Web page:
Fr. Bill Carroll – First Sunday of Advent, November 27, 2022

Let us lay aside the works of darkness and put on the armor of light.

In the Name of the Father, and of the Son, and of the Holy Spirit.  Amen.

About twenty years ago, in a parish far, far away, I found myself talking to the youth group about the struggles in the Episcopal Church about the ordination of women.  And the youth could not believe that people once refused to receive communion from a woman priest.  They were even more shocked when I told them about people spitting on early women clergy as they processed down the aisle.  

One of them, a fifteen-year-old girl, asked me why a Christian would do something like that.  It’s a great question—but hard to answer.  After thinking for a moment, I told her that  “People come to church for many reasons.  Not all of them have to do with Jesus.”  

Now that I’ve been around the block a few more times, I am better acquainted with the bad behavior of Christians.  Sometimes we all forget what following Jesus is all about.

That’s what Paul is talking about in today’s Epistle, when he urges us to “lay aside the works of darkness and put on the armor of light.”  “You know what time it is,” he says, “how it is the moment for you to wake from sleep.  For salvation is nearer to us now than when we first believed.”  

Beloved, the Day of the Lord is near.  He is coming soon.  And, as followers of Jesus, we are supposed to live joyfully and righteously.  We are supposed to get ready—to stay awake—as we long for Jesus to return.  As Paul tells us, we are to “put on the Lord Jesus Christ and make no provision for the flesh.”  

Now, sometimes in Scripture, “flesh” is a good thing.  Sometimes the word “flesh” just means our human nature, as it does in the Prologue of John. There, the Word becomes flesh, a real human being, and he lives among us—forgiving our sins and showing us how to love.

In the letters of Paul, however, the word “flesh” almost always means our tendency to rebel against the God of love.  The “flesh” refers to our disordered desires, which create disharmony in our relationships.  In the Bible, the sins of the flesh involve a lot more than sex.  The flesh is anything that draws us away from God—and away from each other.

In a couple of places, Paul speaks about the works of the flesh.  In Galatians, for example, he mentions “fornication, impurity, licentiousness, idolatry, sorcery, enmities, strife, jealousy, anger, quarrels, dissensions, factions, envy, drunkenness, carousing, and things like these.”  Opposed to the works of the flesh are the fruits of the Spirit, including “love, joy, peace, patience, kindness, generosity, faithfulness, gentleness, and self-control.”  These are examples of how we will love like Jesus, when we allow his Spirit to lead us.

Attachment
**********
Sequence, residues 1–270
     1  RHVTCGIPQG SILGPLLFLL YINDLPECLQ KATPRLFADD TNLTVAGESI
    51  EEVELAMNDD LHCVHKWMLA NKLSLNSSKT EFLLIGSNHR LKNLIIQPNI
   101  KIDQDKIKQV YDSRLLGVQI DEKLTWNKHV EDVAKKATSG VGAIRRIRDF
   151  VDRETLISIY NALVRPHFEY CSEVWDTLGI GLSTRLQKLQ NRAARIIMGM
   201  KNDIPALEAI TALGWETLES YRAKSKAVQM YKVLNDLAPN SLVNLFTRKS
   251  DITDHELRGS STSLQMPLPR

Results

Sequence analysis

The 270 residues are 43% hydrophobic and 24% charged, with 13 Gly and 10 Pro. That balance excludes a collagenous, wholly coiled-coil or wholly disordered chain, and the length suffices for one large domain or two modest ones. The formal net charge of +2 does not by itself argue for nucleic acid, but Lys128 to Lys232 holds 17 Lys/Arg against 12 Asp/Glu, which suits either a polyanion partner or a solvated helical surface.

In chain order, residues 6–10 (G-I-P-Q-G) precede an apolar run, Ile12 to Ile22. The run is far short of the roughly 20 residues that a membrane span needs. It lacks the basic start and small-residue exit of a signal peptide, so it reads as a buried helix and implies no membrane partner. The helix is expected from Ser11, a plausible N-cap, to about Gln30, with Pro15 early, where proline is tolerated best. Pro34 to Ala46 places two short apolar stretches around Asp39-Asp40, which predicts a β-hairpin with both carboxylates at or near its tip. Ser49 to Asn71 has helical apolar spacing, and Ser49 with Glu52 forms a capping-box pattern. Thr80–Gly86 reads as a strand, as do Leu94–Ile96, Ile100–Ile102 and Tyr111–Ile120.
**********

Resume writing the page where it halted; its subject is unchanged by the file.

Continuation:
In every time and place, we have to wrestle with the power of sin.  I suspect we are all acquainted with the works of the flesh.  We just have to watch the news.  We just have to pay attention to our own strained and broken relationships.  

Advent is the beginning of a new Church year.  It is time for us to get ready for Jesus.  By the grace of God, we can make a fresh start and do better.  Throughout this holy season, Jesus stands at the door and knocks.  The waters of grace are gathering like a mighty flood.  They are about to spill out in the flesh of Jesus, so that his love can change us all.

That’s why our reading from Romans today is so fitting.  Paul is urging us to wake up, because the Lord is near.  He is calling us to cast away the works of darkness and live more loving lives. “Put on the Lord Jesus Christ,” he tells us, “and make no provision for the flesh.”  What would happen if every time we were tempted to do something destructive, we doubled down on loving each other?

Last week, on Christ the King Sunday, I spoke to you about the corporal works of mercy.  How are we to show mercy and do justice to our neighbor’s body?  This traditional list of loving actions comes from the twenty-fifth chapter of Matthew.  There, Jesus commands us to feed the hungry, clothe the naked, house the homeless, welcome strangers, and visit those in prison.  “As you did it unto one of the least of these, who are members of my family,” he tells us, “you did it unto me.”

The spiritual works of mercy are less frequently cited, but equally important.  How are we to show mercy and to do justice to our neighbor’s soul?  As Christians, we are supposed to instruct the ignorant, counsel the doubtful, comfort the sorrowful, admonish the sinner, forgive injuries, bear with those who trouble us, and pray for all people, both the living and the dead.  As Paul once said, writing to the Galatians, we are to “bear one another’s burdens  and in this way fulfill the law of Christ.”

Praying for everyone—especially for the people who trouble us most—helps us to see our neighbors better.  We need to train ourselves to see each other like Jesus does.  We need to bear with one another and practice Christ-like forgiveness.  We need to speak the truth and encourage one another in all the ways of love.  For we are good but imperfect people, who are worthy of love and capable of loving others.  Here at Trinity, let us renew our commitment to love, as we prepare our hearts for Jesus.

Let us lay aside the works of darkness and put on the armor of light.  

Let us put on the Lord Jesus Christ, and make no provision for the flesh.